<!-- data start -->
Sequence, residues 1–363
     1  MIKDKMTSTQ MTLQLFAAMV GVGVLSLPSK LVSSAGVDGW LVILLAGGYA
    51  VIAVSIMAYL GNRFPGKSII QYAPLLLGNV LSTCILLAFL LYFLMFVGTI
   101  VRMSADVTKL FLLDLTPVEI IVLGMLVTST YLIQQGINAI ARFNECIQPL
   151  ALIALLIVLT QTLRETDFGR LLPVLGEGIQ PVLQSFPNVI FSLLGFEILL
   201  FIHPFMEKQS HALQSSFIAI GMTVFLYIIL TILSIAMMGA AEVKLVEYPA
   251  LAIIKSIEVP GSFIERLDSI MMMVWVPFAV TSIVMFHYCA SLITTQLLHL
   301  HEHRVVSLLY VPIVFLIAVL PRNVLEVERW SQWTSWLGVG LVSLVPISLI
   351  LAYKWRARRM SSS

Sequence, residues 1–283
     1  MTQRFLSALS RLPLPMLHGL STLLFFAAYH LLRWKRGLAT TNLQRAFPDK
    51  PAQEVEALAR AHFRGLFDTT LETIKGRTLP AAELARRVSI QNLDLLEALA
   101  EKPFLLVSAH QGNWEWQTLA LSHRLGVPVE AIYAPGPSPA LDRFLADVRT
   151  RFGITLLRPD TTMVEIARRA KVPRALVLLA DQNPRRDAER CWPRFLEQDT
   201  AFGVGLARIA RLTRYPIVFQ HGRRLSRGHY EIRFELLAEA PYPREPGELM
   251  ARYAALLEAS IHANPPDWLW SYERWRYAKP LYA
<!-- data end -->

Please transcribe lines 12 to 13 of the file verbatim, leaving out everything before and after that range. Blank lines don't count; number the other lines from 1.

    51  PAQEVEALAR AHFRGLFDTT LETIKGRTLP AAELARRVSI QNLDLLEALA
   101  EKPFLLVSAH QGNWEWQTLA LSHRLGVPVE AIYAPGPSPA LDRFLADVRT